Guess Which Buzzfeed Piece Is An Ad

Since I’m going to be discussing forms of new media revenue with Friend of the Dish, Ben Smith, later today, I though it might be worth noting some aspects of Buzzfeed’s innovative model, i.e. “sponsored content” or “native advertizing”. I should start by saying I’m not trying to criticize anyone who’s trying to make new media work financially. We don’t know what works and there are various options. But Buzzfeed’s model is a hot topic – as was the Atlantic‘s resort to “native advertizing” in the Scientology fuck-up.

So let’s take a specific example which caught my eye the other day. Here is Buzzfeed”s post on Sony’s Playstation 4 posted yesterday at 8.07 pm. Despite being billed as “The Only Post You Need To Read About The PlayStation 4,” it was actually preceded by this post on Buzzfeed the day before about the same event, titled “11 Things You Didn’t Know About PlayStation”. The difference is that the February 19 post was “sponsored” by PlayStation and the February 20 one was written by two staffers with by-lines. Go check them both out and see the differences (an off-white background and acknowledgment of the sponsor) and the similarities (in form, structure and tone, basically identical).

To my eye, the two are so similar in form and content, I have a few questions to ask of Ben later today: were the people who wrote the first Sony-sponsored post employed by Buzzfeed or Sony? Or was it a team effort? If it was a team effort, why no Buzzfeed by-lines? Or did the same people write both the promotional copy and the journalistic copy?

Now go a little deeper on the sponsored page about the PlayStation 4. Here’s a screen shot of what you see on the side:

Screen shot 2013-02-21 at 12.04.18 PM

Were these sponsored or real?

The second post was put up on the same day as the first Sony-sponsored post, with the classic Buzzfeed headline: “10 Awesome Downloadable Games You May Have Missed”. But all of the posts in the sidebar above were sponsored by Sony, even though, as you can see, they are not distinguished as such. Once you slip into the advertorial vortex at Buzzfeed, everything that is advertizing appears as non-advertizing. Just keep clicking. When you’re on Buzzfeed proper (if that’s the right term), the sponsored posts are delineated, ethically, as I noted above, by an off-white color background that subtly makes them different and an acknowledgment of the sponsor.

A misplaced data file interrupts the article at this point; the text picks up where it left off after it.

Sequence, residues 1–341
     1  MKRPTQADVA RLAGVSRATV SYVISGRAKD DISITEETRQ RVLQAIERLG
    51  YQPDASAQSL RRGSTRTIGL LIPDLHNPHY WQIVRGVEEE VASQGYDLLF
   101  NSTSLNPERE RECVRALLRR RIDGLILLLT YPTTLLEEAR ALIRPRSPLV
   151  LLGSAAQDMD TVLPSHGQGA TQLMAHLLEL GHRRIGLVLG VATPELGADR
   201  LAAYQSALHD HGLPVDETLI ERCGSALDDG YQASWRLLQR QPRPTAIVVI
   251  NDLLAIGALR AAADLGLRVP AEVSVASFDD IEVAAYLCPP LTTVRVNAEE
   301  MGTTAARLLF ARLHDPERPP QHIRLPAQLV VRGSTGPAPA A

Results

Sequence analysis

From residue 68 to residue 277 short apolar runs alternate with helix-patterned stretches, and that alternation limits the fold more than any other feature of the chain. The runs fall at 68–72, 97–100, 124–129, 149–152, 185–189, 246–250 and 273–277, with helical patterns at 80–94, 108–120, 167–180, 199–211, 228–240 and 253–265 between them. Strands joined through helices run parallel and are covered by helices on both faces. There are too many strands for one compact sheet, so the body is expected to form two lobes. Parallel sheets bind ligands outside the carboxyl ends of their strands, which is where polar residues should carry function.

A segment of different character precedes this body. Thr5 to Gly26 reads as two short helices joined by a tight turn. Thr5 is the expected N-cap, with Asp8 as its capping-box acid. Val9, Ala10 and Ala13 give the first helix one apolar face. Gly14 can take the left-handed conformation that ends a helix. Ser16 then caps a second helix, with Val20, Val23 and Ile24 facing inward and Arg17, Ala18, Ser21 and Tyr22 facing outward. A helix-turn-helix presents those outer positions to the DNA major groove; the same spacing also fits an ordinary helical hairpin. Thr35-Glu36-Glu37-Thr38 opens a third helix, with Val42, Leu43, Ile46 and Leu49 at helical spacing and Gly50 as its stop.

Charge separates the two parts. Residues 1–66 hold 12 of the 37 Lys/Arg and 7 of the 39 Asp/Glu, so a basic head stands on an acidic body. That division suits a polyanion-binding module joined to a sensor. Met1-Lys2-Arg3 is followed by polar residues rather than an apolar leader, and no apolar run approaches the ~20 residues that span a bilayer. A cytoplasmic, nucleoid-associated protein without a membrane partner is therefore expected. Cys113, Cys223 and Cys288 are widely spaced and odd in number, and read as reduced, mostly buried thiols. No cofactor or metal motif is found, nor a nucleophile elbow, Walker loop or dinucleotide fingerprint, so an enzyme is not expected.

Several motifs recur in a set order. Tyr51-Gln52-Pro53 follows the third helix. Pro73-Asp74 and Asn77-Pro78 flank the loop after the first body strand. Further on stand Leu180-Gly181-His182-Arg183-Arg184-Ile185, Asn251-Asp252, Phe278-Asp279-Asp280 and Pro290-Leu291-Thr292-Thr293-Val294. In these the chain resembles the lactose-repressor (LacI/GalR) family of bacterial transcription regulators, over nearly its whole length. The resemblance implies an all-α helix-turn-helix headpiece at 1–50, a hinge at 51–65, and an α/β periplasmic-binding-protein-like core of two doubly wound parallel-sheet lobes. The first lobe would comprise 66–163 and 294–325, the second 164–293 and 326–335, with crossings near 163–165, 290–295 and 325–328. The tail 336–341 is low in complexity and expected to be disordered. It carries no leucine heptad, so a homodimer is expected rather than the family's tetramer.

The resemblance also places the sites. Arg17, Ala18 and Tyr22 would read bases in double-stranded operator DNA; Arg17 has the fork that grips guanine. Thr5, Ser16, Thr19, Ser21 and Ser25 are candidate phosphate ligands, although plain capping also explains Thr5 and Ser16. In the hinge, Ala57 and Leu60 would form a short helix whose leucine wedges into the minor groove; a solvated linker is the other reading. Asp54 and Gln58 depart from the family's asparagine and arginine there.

So I don’t see an ethical line being definitively crossed here – just deliberately left very fuzzy. Maybe I’m old-fashioned but one core ethical rule I thought we had to follow in journalism was the church-state divide between editorial and advertizing. But as journalism has gotten much more desperate for any kind of revenue and since banner ads have faded, this divide has narrowed and narrowed. The “sponsored content” model is designed to obscure the old line as much as possible (while staying thisclose to the right side of the ethical boundary). It’s more like product placement in a movie – except movies are not journalism.

So my core worry is: who writes and composes these sponsored posts? Are they done in collaboration with Sony? Or does Sony do it all? Are any of the sponsored post writers also writing regular posts? If they are, what credibility does Buzzfeed have when actually reviewing PlayStation 4? By the way, here’s the end of their review:

Screen shot 2013-02-21 at 1.29.54 PM

And so we get a tease for what might well be a future Sony-sponsored post. I have nothing but admiration for innovation in advertizing and creative revenue-generation online. Without it, journalism will die. But if advertorials become effectively indistinguishable from editorial, aren’t we in danger of destroying the village in order to save it?

Update: To read the rest of the posts in this thread, go here.

The Atlantic Apologizes